Murder of a journalist

The brutal murder in Madhya Pradesh of Chandrika Rai and his family seems to be an open attack on free and fair journalism (“Journalist, family murdered; hand of mining mafia suspected,” Feb.20). What is the message? That investigative journalism should not be allowed to have a free run? The plunder of precious resources in India has to be exposed. It is distressing that the government has not initiated any legal action on the strength of the consistent writings of Chandrika Rai.

B. Prabha,


Had there been untruth in Rai's writings, filing a suit in court would have been the proper remedy. Investigative journalism, which has played a key role in exposing major frauds in the country, is an imperative need. Journalists who are involved in this difficult task are always at risk of incurring the wrath of those affected. As such, they need full public support and due protection.



The brutal murder should make society sit up and debate ways and means of breaking the criminal-politician nexus. One can immediately think of Anna Hazare's pressure tactics, with which the establishment was forced to bend. The criminals who murdered Rai must have acted in the knowledge that even if the law catches up with them, they will be protected by their corrupt and influential patrons who will be in a position to manipulate the criminal justice system. One can also think of this being linked to the political system. The condition that only conviction can trigger disqualification from contesting elections is a deliberately planted loophole in the law to facilitate the entry of criminals into legislatures. For, as things stand, the average time taken for conclusion of a criminal trial is about two decades. Decriminalisation of politics is no longer a desirable long-term goal; it has become an absolute and immediate necessity to protect democracy.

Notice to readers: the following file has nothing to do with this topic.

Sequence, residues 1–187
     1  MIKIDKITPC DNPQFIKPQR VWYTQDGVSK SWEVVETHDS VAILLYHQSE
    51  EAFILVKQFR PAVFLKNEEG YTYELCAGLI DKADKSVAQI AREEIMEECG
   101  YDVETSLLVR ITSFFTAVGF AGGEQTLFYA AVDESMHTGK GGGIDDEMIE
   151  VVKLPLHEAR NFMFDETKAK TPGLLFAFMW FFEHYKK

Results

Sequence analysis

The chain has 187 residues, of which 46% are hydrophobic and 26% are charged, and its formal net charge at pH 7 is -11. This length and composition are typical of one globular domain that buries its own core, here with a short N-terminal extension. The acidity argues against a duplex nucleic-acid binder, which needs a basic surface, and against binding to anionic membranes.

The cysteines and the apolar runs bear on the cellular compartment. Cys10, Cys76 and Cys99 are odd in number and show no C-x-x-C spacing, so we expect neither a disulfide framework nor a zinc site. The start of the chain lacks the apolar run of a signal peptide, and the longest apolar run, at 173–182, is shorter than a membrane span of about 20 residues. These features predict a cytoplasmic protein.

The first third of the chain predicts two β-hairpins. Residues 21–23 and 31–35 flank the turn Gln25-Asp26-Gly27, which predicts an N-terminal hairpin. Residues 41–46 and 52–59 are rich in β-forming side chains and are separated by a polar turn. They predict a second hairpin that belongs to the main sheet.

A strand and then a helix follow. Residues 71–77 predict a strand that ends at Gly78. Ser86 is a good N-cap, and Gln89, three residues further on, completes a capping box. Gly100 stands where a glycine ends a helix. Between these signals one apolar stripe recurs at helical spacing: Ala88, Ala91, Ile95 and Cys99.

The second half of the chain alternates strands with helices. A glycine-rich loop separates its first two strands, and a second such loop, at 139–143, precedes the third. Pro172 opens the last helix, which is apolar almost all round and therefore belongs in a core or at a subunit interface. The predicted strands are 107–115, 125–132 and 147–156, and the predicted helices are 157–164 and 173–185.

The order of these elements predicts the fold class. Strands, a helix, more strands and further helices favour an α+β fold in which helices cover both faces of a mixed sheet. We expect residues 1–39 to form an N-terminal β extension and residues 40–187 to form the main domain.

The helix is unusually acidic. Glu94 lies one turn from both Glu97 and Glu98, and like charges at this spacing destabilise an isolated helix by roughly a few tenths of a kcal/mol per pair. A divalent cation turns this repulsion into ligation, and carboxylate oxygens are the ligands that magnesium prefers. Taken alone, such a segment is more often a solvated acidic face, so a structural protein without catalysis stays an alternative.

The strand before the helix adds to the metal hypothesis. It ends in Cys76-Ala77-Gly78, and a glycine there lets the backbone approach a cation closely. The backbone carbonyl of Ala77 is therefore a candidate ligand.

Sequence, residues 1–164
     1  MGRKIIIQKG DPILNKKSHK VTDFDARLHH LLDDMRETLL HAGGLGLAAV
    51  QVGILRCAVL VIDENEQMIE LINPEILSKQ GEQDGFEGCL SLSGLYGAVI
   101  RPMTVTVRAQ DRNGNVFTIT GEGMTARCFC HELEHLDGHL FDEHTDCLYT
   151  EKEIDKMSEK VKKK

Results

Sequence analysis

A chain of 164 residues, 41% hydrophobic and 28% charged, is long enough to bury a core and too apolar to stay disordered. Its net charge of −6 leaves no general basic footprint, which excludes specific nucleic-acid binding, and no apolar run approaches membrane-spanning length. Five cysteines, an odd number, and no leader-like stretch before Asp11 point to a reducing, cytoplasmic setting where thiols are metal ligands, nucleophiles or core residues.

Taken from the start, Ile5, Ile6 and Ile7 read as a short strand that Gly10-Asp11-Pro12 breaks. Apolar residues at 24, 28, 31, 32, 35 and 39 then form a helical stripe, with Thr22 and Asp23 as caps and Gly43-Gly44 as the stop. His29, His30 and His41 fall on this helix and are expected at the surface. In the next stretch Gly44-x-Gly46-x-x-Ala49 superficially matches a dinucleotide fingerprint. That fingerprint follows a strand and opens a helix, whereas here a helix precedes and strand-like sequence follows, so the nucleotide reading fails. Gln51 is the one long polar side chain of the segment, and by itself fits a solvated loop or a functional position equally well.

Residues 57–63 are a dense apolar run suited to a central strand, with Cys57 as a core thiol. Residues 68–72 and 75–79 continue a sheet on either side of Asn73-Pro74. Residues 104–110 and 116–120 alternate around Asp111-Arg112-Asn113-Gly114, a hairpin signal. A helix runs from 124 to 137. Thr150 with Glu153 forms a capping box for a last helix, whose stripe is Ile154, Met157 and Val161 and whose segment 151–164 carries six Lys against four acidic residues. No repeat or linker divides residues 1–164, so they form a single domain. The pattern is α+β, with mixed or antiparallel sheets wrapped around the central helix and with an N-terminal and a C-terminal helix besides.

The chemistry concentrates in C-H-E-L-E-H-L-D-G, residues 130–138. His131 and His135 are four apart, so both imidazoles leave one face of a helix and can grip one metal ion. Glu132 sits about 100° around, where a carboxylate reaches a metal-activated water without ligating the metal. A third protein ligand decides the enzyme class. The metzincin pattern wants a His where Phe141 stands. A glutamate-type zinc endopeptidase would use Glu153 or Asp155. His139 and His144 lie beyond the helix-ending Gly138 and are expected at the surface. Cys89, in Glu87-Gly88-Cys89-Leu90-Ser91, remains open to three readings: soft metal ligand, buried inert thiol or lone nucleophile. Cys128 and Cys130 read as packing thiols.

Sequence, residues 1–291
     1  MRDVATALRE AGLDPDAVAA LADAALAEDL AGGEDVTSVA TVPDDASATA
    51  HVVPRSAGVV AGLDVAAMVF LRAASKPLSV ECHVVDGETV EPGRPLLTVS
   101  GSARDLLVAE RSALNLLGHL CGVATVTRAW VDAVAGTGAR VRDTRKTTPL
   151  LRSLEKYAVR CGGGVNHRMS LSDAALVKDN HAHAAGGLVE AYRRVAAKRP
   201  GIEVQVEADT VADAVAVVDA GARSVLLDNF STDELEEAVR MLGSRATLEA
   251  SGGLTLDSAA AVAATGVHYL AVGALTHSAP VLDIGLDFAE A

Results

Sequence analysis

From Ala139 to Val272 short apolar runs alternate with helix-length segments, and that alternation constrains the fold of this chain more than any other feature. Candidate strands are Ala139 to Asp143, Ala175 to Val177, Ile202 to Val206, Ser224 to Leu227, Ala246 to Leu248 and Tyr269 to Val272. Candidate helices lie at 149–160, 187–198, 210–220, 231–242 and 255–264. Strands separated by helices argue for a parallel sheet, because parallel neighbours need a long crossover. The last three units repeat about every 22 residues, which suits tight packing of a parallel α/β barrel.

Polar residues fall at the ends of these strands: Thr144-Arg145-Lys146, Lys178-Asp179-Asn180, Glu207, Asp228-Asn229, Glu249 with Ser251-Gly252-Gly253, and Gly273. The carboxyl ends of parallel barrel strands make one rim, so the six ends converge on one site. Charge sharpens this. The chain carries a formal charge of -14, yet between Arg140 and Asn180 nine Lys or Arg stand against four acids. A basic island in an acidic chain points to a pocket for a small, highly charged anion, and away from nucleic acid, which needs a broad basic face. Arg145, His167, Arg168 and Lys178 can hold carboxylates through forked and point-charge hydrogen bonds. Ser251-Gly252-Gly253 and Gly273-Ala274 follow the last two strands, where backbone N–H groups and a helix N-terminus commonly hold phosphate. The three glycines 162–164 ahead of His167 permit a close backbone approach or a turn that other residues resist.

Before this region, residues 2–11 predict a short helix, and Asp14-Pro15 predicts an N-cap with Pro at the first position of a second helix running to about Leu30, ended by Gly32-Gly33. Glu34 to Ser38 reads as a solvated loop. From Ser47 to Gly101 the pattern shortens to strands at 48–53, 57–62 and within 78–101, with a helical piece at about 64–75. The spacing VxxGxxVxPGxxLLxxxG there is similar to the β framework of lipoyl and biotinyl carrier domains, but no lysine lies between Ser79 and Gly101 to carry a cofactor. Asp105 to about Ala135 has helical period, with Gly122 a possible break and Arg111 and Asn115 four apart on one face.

V.N. Mukundarajan,


The killing brings back memories of J. Dey's murder that happened a few months ago. Once again the unholy nexus between criminals and politicians is on display. Is it enough to condemn these murders strongly, demand an investigation and then forget about them within a week? If journalists have to pay a heavy price for doing their job, anybody will start thinking twice before joining this profession. The article “For journalists, conflicts are never glamorous,” by Pranay Gupte (Feb.20), is both well-timed and unsettling.

Deepa Nagaraj,


Time and again we have seen the brutal murder of various journalists and social activists. In recent years, journalism has become very dynamic and its role is just like that of an investigative agency. It is the duty of the government to provide security to these people who show exemplary courage and fight injustice. What is the use of endless debates on a whistle-blowers Bill? A murder of a whistle-blower has taken place.

Lalit Kumar Bhardwaj,


In today's world, only muscle and money power plays a vital role. Anyone who opposes or expresses correctness is being awarded supari . Dirty politics is the bane of our country.

Vithal G. Deshpande,


Gandhiji's principle of “see no evil, speak no evil and hear no evil” has now changed to “speak no truth, see no truth, hear no truth and also write no truth.” In this country, the trend in the media now is to play up frivolous subjects like Bollywood and cricket, and ignore dying farmers, poverty, corruption and criminalisation.